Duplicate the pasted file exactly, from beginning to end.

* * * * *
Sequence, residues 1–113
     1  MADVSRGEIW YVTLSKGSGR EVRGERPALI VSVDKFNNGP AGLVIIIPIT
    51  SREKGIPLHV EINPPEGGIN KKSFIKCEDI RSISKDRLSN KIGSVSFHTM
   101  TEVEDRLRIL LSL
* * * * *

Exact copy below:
Sequence, residues 1–113
     1  MADVSRGEIW YVTLSKGSGR EVRGERPALI VSVDKFNNGP AGLVIIIPIT
    51  SREKGIPLHV EINPPEGGIN KKSFIKCEDI RSISKDRLSN KIGSVSFHTM
   101  TEVEDRLRIL LSL